I told them there was a film about Bobby Fischer, which was pretty rough, but it showed him beating the Russian in the world championship, in Iceland, and they might want to get that film for them to watch with their children.

As I was leaving, I told a black mother, the Lord must have really been on me for me to choke up so much when I was telling them about "Searching for Bobby Fischer" and what the US Government did to him. 

Here is Wikepedia's introduction to Bobby Fischer:

Robert James Fischer (March 9, 1943 – January 17, 2008) was an American chess grandmaster and the eleventh World Chess Champion. Many consider him to be the greatest chess player of all time.[2][3]
Fischer showed great skill in chess from an early age; at 13, he won a brilliancy known as "The Game of the Century". At age 14, he became the US Chess Champion, and at 15, he became both the youngest grandmaster (GM) up to that time and the youngest candidate for the World Championship. At age 20, Fischer won the 1963–64 US Championship with 11 wins in 11 games, the only perfect score in the history of the tournament. His book My 60 Memorable Games, published in 1969, is regarded as essential reading. He won the 1970 Interzonal Tournament by a record 3½-point margin, and won 20 consecutive games, including two unprecedented 6–0 sweeps, in the Candidates Matches. In July 1971, he became the first official FIDE number-one-rated player.
Fischer won the World Chess Championship in 1972, defeating Boris Spassky of the USSR, in a match held in Reykjavík, Iceland. Publicized as a Cold War confrontation between the US and USSR, it attracted more worldwide interest than any chess championship before or since. In 1975, Fischer refused to defend his title when an agreement could not be reached with FIDE, chess's international governing body, over one of the conditions for the match. Under FIDE rules, this resulted in Soviet GM Anatoly Karpov, who had won the qualifying Candidates' cycle, being named the new world champion by default.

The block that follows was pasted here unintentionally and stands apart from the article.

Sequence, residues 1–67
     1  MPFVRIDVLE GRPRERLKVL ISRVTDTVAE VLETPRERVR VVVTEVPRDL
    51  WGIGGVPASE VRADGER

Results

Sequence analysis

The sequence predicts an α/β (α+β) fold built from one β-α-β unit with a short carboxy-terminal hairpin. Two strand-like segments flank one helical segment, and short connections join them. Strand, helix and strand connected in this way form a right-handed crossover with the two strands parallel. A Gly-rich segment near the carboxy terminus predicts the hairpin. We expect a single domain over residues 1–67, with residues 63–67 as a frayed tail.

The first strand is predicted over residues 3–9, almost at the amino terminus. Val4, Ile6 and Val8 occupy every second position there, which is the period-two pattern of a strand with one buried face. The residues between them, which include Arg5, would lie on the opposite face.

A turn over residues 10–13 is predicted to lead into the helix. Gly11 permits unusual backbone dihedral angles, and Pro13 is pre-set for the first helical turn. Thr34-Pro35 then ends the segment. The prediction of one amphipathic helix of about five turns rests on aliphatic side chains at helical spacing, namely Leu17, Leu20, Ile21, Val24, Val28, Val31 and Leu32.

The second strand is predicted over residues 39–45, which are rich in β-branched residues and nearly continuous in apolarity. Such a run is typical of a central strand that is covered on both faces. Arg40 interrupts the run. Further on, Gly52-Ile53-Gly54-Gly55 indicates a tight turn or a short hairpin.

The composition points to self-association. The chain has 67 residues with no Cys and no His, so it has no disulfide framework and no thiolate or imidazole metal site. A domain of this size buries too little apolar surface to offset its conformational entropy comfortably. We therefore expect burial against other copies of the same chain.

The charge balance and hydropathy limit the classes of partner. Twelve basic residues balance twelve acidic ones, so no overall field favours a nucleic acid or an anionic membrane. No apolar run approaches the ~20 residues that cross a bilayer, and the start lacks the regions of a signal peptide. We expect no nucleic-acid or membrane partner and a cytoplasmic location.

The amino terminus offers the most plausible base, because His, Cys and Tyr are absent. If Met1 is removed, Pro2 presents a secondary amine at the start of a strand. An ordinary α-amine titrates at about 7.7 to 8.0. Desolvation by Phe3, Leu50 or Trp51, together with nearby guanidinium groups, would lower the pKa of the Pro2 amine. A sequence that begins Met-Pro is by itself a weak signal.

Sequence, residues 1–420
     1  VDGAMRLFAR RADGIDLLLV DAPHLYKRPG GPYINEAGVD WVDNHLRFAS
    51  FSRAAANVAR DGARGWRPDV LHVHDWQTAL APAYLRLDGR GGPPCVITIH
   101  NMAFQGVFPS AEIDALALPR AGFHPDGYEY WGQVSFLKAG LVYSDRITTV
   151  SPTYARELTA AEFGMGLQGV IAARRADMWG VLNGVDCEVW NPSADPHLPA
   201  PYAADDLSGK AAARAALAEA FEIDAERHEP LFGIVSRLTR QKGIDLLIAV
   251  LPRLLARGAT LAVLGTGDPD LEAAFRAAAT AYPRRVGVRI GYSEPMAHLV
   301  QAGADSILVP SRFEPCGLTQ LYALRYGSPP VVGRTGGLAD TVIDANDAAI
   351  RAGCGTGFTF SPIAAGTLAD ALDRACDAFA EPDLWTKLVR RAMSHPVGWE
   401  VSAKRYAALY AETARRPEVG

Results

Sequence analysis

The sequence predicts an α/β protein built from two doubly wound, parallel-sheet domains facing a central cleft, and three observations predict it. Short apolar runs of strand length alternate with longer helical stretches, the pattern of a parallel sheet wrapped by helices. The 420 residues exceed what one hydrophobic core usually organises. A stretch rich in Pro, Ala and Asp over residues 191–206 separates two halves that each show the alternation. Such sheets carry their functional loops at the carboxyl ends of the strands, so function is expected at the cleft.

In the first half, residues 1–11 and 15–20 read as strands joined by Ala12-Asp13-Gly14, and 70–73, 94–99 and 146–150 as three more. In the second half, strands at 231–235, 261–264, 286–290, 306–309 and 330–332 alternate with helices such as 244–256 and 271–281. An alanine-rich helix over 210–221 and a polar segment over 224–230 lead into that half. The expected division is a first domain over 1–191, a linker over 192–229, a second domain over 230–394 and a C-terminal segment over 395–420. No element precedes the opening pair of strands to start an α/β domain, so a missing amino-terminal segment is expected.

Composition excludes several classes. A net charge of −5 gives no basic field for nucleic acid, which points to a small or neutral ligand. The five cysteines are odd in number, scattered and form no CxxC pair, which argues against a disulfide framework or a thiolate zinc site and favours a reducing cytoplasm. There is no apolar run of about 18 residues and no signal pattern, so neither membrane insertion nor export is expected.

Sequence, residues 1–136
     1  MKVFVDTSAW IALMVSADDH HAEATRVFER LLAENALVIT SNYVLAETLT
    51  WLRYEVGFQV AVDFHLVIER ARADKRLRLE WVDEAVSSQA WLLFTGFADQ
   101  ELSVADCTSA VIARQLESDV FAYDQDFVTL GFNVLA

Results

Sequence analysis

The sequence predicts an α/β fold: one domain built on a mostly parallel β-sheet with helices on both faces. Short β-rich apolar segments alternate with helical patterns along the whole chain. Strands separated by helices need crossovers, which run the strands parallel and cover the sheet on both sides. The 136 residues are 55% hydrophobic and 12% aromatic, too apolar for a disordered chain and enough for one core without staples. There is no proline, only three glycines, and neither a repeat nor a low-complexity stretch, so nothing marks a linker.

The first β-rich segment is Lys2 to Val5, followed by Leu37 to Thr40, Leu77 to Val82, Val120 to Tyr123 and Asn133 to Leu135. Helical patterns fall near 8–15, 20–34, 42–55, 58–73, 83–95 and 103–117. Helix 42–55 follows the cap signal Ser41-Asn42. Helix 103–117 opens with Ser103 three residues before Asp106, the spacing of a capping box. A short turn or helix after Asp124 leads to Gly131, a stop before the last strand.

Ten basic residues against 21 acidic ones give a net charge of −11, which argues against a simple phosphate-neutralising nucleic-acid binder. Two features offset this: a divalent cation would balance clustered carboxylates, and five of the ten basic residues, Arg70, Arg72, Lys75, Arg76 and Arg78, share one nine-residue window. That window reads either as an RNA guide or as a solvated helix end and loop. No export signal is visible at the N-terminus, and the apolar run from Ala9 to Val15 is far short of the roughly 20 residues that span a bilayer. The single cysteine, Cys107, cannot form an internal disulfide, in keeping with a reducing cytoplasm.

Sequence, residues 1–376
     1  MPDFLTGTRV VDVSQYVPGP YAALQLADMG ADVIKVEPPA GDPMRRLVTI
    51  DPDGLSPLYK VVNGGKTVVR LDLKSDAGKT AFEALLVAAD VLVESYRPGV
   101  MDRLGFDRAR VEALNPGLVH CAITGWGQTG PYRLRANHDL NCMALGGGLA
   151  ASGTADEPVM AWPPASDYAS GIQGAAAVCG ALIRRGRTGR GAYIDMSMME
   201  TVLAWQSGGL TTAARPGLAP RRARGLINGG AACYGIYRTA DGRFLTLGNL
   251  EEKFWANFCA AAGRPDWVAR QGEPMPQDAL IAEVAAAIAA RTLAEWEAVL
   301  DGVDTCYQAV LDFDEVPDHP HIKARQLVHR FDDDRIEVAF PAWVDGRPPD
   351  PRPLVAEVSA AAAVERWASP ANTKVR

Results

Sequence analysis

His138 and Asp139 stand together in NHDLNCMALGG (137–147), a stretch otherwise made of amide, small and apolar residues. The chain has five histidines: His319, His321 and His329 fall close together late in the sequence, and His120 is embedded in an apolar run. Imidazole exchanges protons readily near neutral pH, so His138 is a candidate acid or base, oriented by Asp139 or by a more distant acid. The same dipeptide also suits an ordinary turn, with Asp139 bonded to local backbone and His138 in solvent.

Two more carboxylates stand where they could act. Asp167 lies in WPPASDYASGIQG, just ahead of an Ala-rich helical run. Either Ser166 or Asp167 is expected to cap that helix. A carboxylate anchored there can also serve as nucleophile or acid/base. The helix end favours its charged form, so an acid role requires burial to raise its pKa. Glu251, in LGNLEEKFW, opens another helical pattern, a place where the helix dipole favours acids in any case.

After forfeiting his title as World Champion, Fischer became reclusive and sometimes erratic, disappearing from both competitive chess and the public eye. In 1992, he reemerged to win an unofficial rematch against Spassky. It was held in Yugoslavia, which was under a United Nations embargo at the time. His participation led to a conflict with the US government, which warned Fischer that his participation in the match would violate an executive order imposing US sanctions on Yugoslavia. The US government ultimately issued a warrant for his arrest. After that, Fischer lived his life as an émigré. In 2004, he was arrested in Japan and held for several months for using a passport that had been revoked by the US government. Eventually, he was granted an Icelandic passport and citizenship by a special act of the Icelandic Althing, allowing him to live in Iceland until his death in 2008.
Fischer made numerous lasting contributions to chess. In the 1990s, he patented a modified chess timing system that added a time increment after each move, now a standard practice in top tournament and match play.


  1. Wow, I really enjoyed the post today. I learned something new about chess. Thanks Sloan for your writing's everything was good.

  2. Thanks, Rick -

    Chess marvelous game. Then, there is chess in life, a somewhat different challenge, as you certainly know: :-)